What authors have most influenced your life? What about them do you find inspiring?

Anne McCaffrey, for introducing me to dragons and amazing worlds. Pern was my favorite, but I read most of her books. Rosemary Sutcliff and Judith Tarr, for their writing style. Both know how to pack an emotional punch with few words. Even with simple words. I adore that ability. And I adore Judy’s Lippizans. Rita Mae Brown, when she described why she wrote “Riding Shotgun”: She was stuck in a cabin with nothing new to read, so she sat down and wrote what she wanted to read. Isn’t that powerful?

If you had to choose, is there a writer would you consider a mentor? Why?

I don’t really want a mentor for writing. I guard my own voice. I want it to be me, not a watered-down version of someone else. When I’m writing intensely, I don’t even read fiction. However, I would love to learn marketing and fan interaction from Hugh Howey. #laughs#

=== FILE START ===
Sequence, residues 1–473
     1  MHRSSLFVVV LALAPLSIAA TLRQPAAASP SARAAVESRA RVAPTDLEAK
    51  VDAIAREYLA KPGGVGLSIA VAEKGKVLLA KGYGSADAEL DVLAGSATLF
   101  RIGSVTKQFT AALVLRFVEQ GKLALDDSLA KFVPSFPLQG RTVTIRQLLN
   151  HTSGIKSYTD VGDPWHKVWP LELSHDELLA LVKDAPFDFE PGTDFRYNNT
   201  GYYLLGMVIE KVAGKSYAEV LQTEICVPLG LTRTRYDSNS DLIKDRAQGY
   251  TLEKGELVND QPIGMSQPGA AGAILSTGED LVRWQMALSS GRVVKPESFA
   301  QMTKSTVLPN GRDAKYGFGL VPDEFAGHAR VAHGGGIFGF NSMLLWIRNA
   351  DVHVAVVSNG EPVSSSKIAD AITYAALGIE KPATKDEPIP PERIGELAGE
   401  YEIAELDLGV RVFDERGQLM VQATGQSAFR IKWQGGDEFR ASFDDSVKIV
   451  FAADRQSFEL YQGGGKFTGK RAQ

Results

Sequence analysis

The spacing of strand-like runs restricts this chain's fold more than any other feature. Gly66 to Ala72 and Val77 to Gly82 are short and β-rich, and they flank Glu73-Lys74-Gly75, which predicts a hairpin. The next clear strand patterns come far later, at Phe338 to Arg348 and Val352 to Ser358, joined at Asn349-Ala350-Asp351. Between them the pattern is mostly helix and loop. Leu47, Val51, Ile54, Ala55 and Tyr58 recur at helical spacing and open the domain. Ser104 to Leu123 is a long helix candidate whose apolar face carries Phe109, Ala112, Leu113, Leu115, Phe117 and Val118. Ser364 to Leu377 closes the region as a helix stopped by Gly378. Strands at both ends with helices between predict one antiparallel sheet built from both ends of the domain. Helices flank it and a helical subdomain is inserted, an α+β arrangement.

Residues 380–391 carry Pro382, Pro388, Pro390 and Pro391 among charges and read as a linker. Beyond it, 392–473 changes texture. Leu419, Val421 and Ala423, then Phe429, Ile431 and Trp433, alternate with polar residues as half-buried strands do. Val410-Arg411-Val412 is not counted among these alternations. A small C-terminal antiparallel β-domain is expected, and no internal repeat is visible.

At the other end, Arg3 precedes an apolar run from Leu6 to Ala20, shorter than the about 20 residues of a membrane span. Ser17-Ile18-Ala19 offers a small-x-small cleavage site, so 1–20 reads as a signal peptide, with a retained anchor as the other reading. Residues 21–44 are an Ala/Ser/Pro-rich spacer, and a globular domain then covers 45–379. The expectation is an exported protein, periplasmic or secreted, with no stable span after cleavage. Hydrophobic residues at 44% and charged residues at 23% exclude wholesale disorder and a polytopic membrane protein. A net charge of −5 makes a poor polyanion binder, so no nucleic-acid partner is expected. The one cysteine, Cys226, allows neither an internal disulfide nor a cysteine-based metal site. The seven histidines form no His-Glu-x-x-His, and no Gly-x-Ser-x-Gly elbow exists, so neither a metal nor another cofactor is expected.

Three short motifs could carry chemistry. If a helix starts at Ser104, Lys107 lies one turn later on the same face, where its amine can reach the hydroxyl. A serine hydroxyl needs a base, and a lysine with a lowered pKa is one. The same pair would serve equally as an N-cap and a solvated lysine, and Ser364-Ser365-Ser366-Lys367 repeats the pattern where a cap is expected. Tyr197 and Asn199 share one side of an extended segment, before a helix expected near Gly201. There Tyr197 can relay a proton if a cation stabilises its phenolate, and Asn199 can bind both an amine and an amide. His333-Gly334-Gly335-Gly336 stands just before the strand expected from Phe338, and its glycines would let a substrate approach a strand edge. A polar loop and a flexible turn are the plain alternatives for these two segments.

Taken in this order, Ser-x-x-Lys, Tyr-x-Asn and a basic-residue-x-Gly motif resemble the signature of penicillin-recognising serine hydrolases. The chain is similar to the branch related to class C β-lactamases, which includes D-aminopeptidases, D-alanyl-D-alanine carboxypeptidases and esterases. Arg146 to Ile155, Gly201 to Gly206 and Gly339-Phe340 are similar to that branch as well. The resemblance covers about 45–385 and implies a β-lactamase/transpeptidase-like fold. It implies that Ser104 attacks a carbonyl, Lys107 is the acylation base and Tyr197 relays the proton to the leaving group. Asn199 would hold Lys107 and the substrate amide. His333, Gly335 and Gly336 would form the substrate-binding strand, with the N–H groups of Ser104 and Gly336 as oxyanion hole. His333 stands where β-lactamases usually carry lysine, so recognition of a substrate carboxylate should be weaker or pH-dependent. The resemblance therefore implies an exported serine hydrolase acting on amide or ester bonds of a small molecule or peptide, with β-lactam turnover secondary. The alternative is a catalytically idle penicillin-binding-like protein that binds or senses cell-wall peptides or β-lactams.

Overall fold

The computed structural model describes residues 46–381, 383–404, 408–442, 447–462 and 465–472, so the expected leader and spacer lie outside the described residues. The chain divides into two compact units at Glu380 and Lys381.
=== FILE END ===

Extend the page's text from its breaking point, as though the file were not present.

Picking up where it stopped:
Who designed the cover of your book? Why did you select this illustrator?

The cover design is by Ashley Fontainne. I used to be in an FB group with her, and when I wanted new covers for the series before publishing the last part, I realized she had been doing covers for a while. I like hers – they are dynamic and dramatic, so it was an easy choice. Working with her was very awesome and totally easy.

Do you have any advice for other writers?

Write. Stop reading writing advice. Stop taking the next writing class. Sit down and write. Write more. Publish what you write.
And learn about the trade. Learn copyright. Learn grammar, spelling, pacing – by reading lots. Soak up the language of your genre. So read and write. Very basic.

Do you have anything specific that you want to say to your readers?

I love you all. I’m so grateful you’re reading my books, and I love hearing from you, too. I’m an avid reader myself, I know all the joy that comes from books – and I hope I can feed that joy for you.

Dorrelle - Ebook_D2DHannah Steenbock
Kiel, Germany


Dorelle’s Journey

Cover Artist: Ashley Fontainne